1 May 2008

St James: Not By Faith Alone

There are two kinds of faith - living and dead. The former is genuine; the latter is a counterfeit, the mere assent to Christian doctrine. Living faith saves; dead faith is useless and powerless to save.

James (chapter 2:14-26) helps us distinguish between the two. James argues that obedience is the proof of living faith, whereas dead faith is exposed by the absence of good works. He puts forward this challenge: “Show me thy faith without thy works, and I will show thee my faith by my works.” True faith is verified by good works. Otherwise, if it is alone, it is exposed as a dead and useless imitation. Three times he repeats: “Faith without works is dead.”

While he does not dispute that salvation is by grace through faith, James is concerned about the man who professes to have faith when in fact he does not. He asks, “What doth it profit, my brethren, though a man say he hath faith, and have not works? Can faith save him?” When this man who calls himself a believer meets a brother in need, all he has to offer are a few hypocritical words of comfort but he does not lift a finger to help. This man may claim to have faith as much as he likes, but since his life is devoid of good works, his so-called faith is dead and will not save him.

Take Abraham as an example. He believed God and it was counted to him as righteousness (Genesis 15). He was not accepted as righteous because of his faith plus the merits of some works he had done or would do (Romans 4). Yet the reality of his faith was not manifested until some 30 years later when God put him to the test. Abraham offered his son Isaac, proving without a shadow of a doubt that he really believed God’s promise. His faith was genuine (Genesis 22; Hebrews 11:17-19). In this sense Abraham was justified by works, i.e. his faith was shown to be right because it was accompanied by obedience (James 2:21-24).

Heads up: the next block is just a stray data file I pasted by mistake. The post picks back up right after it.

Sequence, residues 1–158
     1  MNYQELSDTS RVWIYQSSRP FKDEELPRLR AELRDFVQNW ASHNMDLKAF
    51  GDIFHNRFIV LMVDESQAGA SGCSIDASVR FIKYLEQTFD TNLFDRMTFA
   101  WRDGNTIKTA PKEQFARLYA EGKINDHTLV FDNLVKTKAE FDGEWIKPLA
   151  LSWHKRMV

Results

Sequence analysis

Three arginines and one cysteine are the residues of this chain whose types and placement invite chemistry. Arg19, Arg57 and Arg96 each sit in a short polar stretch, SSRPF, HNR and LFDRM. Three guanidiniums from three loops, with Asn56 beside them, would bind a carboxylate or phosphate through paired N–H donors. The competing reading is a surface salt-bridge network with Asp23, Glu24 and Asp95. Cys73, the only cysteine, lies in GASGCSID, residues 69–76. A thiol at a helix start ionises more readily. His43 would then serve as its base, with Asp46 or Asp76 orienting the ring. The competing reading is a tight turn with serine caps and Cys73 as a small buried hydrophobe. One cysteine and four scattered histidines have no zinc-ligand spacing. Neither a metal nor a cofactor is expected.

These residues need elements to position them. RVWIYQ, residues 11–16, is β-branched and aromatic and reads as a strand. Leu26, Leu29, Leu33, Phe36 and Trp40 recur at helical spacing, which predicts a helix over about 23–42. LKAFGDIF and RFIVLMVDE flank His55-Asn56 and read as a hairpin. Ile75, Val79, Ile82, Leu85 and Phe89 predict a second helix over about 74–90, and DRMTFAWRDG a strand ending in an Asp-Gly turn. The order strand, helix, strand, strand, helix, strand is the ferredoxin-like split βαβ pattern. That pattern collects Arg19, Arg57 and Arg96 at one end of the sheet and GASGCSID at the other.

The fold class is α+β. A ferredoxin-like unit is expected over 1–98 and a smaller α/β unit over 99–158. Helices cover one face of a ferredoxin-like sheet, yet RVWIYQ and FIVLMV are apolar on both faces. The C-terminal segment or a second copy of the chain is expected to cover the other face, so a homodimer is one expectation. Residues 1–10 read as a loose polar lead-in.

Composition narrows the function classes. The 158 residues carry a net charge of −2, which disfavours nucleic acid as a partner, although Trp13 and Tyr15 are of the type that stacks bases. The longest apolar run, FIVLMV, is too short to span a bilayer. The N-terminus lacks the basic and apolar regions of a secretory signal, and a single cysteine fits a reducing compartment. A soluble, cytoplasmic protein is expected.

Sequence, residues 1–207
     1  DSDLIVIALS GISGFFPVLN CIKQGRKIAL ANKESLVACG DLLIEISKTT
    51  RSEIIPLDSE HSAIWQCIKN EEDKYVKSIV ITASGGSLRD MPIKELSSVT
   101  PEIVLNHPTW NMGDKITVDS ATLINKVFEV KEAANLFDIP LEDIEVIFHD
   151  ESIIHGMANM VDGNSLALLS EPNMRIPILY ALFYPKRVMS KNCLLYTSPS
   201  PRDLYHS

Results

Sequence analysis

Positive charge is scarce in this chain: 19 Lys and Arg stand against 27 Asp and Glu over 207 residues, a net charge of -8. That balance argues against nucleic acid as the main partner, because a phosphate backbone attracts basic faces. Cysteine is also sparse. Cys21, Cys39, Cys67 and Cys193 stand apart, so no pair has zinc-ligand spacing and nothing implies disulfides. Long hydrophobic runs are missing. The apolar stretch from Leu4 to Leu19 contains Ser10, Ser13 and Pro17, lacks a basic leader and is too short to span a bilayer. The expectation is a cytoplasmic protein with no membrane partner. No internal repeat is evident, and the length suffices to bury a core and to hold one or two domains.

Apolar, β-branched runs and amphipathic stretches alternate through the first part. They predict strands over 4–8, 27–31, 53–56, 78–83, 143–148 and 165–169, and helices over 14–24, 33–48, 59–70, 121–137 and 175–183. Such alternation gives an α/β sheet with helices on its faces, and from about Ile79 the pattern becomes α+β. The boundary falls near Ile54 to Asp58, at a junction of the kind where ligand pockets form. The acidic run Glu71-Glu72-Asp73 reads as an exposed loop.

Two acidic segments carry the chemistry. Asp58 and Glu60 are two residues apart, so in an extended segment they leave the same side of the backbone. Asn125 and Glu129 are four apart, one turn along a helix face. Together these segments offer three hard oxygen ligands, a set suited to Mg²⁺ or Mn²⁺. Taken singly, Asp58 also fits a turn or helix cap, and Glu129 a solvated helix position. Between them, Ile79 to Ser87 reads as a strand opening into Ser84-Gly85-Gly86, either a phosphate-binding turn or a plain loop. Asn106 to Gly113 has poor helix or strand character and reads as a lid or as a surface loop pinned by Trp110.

The same is true for each one of us. We may profess to believe in the Lord Jesus (Protestants express this by the slogan ‘faith alone’ by which we mean that our trust is in Jesus Christ alone, and in nobody and nothing else). Now what if our claim to faith is not substantiated by works? We would be fooling ourselves because faith alone (in the sense James uses this phrase, that is, a profession of faith without the evidence of good works) does not save. Words are cheap; we who claim to believe in Jesus can only be justified (demonstrated to be right) by our works.

James’ teaching is altogether different from the doctrine of the Roman Church on justification. The Council of Trent teaches that good works are not merely the fruit and signs of justification received by faith, as James teaches. The Roman church goes way beyond that: the Catholic is called to performs good works to maintain and increase personal righteousness by which he is ultimately accounted to have fully satisfied the Law of God and allowed into heaven (Trent, session 6, chapter 16 and canon 24). Instead of demonstrating faith, his religious works done with the intent to gain merit only goes to show that he does not really trust Jesus for salvation.

Do you believe in Jesus Christ for salvation? And do you have works to justify your claim? I pray that every one of us would answer both questions with a bold and sincere yes!